New Database Shows Substantial Geographic Food Price Variation
The role of food prices in influencing consumer food choices and, in turn, dietary quality is an important research topic at ERS and in the food economics research field in general. Food prices vary across the United States, but until now, a data set that provides a consistent and statistically detailed measure of food prices across geographic markets did not exist. Without such data, researchers could not determine if differences in food choices and health outcomes in specific locations were due to differences in retail food prices, other factors, or both.
New Price Database Provides Geographic Detail
An expert panel convened by the National Academies’ Committee on National Statistics (CNSTAT) reviewed the data needs of USDA to support research and decisionmaking for USDA’s food and nutrition policies and programs. The panel recommended that USDA continue to explore the use of data on food purchases, prices, and consumption from proprietary sources (retail scanner systems, household scanner panels, and household consumption surveys) and to develop ways to increase access to these data for research purposes.
In response, ERS developed the Quarterly Food-at-Home Price Database (QFAHPD) to fill the gap in available food price data. The QFAHPD contains quarterly geographically specific prices for 52 food-at-home food groups between 1999 and 2006. The data set includes such food groups as fresh and frozen dark-green vegetables, low-fat milk, packaged whole-grain products, and carbonated nonalcoholic beverages.
The QFAHPD was constructed using Nielsen Homescan data, which contain detailed information about household food-at-home purchases from all retail outlets, including grocery stores, supercenters, club stores, convenience stores, and other stores. QFAHPD prices, calculated as dollars per 100 grams of food purchased by consumers, are the average household prices paid for each food group within a geographic market group.
A geographic market group consists of either a single metropolitan area (such as Philadelphia, Boston, or Los Angeles), grouped metro areas (such as metro Ohio, which includes Cincinnati, Cleveland, and Columbus), or other groups of counties. A total of 35 geographic market groups cover the contiguous United States between 2002 and 2006, and 30 market groups cover 1999-2001.
Geographic Variation Is Greater Than Annual Inflation
Using the 2006 QFAHPD data, ERS examined the spread between the highest and lowest market price within selected food groups across geographic market groups. Eggs have one of the largest price spreads across geographic market groups. For example, in the first quarter of 2006, in the geographic market group with the highest price, eggs cost 75 percent more than in the market group where eggs were least expensive. Low-fat milk and fresh and frozen fruit also had large geographic price spreads. On the other hand, geographic price variation for carbonated nonalcoholic beverages was on the lower end, with an average price spread of 39 percent in the first quarter of 2006.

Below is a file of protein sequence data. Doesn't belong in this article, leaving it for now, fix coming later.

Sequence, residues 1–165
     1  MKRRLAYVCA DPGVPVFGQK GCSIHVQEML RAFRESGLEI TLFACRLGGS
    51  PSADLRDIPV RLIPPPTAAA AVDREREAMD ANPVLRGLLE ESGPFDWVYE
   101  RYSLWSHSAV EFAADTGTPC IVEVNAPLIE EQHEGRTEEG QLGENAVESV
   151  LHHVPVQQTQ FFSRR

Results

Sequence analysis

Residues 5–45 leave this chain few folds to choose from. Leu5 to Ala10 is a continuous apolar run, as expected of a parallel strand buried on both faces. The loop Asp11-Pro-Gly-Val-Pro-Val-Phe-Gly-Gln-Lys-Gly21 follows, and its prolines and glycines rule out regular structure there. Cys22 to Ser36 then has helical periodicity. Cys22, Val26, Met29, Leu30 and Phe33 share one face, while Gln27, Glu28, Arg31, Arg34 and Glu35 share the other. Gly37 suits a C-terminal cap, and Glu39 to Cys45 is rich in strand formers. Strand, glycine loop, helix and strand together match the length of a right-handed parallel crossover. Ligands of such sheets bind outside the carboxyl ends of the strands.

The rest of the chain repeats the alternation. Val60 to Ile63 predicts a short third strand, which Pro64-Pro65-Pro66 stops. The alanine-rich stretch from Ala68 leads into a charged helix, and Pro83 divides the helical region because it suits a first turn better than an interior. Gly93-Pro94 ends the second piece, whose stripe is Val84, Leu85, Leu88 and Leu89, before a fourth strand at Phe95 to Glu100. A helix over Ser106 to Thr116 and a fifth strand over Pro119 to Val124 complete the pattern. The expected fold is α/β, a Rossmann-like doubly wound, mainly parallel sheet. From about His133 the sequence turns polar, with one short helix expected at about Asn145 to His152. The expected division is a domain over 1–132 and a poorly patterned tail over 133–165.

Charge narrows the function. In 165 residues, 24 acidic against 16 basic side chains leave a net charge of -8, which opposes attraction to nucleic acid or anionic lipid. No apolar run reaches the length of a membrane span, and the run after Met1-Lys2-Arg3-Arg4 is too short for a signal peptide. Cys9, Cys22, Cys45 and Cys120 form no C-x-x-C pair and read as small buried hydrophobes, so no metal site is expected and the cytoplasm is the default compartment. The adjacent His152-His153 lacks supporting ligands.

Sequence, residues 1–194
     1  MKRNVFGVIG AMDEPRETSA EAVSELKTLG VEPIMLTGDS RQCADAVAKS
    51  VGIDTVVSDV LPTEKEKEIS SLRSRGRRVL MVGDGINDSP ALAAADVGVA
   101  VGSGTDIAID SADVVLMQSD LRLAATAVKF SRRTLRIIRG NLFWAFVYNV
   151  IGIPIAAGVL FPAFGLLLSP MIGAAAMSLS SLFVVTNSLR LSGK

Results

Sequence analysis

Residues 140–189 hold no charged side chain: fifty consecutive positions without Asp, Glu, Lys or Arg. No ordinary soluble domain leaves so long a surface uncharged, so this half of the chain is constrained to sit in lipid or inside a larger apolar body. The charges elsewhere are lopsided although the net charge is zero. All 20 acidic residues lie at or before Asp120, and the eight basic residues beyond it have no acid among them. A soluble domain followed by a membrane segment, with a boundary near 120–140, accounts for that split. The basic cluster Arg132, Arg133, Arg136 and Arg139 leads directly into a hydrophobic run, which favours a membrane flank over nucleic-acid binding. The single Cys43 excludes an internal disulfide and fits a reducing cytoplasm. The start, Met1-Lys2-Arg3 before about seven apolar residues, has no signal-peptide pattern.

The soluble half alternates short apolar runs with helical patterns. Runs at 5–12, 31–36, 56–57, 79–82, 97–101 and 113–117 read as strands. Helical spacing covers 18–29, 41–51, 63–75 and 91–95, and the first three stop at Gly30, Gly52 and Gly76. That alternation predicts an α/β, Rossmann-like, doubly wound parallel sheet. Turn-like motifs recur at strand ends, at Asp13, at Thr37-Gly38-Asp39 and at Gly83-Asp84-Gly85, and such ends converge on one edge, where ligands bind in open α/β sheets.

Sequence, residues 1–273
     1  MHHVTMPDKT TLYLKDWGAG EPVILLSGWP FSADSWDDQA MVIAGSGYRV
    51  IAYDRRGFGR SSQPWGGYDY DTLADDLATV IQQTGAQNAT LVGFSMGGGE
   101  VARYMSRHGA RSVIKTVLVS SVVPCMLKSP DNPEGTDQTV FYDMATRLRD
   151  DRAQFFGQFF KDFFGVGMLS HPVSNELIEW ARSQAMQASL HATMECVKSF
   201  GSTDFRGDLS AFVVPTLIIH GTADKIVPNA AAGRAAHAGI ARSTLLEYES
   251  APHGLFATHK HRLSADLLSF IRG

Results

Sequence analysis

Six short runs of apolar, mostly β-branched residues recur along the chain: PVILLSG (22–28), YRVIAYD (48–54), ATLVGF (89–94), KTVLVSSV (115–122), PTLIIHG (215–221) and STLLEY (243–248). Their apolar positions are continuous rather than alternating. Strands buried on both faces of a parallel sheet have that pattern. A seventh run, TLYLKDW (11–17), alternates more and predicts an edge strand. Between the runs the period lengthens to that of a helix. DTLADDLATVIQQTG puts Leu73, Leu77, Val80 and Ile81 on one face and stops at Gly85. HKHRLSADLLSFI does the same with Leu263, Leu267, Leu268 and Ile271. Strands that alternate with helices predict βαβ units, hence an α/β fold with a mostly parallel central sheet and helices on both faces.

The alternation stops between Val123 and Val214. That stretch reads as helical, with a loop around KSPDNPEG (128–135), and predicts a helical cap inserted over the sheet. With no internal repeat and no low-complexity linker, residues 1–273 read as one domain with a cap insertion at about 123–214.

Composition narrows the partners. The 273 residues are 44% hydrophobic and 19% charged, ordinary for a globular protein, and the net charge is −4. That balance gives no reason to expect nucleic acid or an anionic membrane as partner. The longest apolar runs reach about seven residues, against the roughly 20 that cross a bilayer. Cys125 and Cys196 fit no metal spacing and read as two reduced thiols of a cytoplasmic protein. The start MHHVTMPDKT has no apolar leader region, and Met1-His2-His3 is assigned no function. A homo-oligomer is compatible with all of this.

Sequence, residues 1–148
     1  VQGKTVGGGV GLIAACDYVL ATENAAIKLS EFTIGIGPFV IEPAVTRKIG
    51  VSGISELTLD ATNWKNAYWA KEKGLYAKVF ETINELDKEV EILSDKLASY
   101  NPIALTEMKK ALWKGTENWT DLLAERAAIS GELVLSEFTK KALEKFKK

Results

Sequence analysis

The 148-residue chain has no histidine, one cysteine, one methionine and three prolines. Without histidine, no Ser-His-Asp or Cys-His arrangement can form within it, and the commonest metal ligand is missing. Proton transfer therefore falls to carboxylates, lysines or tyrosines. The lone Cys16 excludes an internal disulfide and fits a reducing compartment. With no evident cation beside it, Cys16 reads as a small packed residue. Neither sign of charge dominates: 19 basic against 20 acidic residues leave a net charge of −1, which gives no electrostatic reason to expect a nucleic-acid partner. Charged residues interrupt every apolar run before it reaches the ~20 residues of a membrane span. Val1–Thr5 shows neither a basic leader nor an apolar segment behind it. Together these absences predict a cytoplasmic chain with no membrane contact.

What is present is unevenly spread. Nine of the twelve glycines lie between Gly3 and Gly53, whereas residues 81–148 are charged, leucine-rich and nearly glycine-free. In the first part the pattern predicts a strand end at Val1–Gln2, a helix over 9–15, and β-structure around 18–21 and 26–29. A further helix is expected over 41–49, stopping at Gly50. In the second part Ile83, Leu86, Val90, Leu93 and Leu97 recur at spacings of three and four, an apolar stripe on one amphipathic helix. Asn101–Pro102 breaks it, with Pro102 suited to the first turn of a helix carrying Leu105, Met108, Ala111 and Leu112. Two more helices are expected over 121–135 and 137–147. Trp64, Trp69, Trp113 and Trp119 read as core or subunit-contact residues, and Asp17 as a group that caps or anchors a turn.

|Food groups||Jan - March||Apr - June||July - Sept||Oct - Dec||Yearly average|
|Carb. nonalc. beverages||39||48||43||44||43|
|*Difference between highest and lowest market group price (percent).
Source: USDA, Economic Research Service calculations using the 2006 Quarterly Food-at-Home Price Database.
These geographic price spreads are much larger than year-to-year changes in food prices, which averaged 2.3 percent in 1999-2006, according to the Consumer Price Index. Most analyses of the effects of price on food choices look at price changes over time at the national level. The new ERS database reveals that analyses using national time series statistics ignore much of the geographic price variation that consumers actually face.
Relative Prices Also Vary Geographically
In addition to revealing geographic price differences, the QFAHPD shows that relative prices between food groups differ geographically. For instance, ERS compared the prices of two beverages often consumed by children—low-fat milk and carbonated nonalcoholic beverages (soda). In each quarter of 2006, low-fat milk was less expensive than soda throughout most of the West (with price ratios of low-fat milk to soda less than 1) but more expensive in much of the South and Northeast (with price ratios above 1).
Price differences varied also by season. For example, in parts of the Northeast, the price differential between low-fat milk and soda was greater in the spring and summer than in the fall and winter. Future research will help illuminate whether such variations in relative prices are important in determining differences in food choices across the country.
Quarterly Food-at-Home Price Database, by Jessica E. Todd, USDA, Economic Research Service, August 2019
Methodology Behind the Quarterly Food-at-Home Price Database, by Jessica E. Todd, Lisa Mancino, Ephraim Leibtag, and Christina Tripodo, USDA, Economic Research Service, April 2010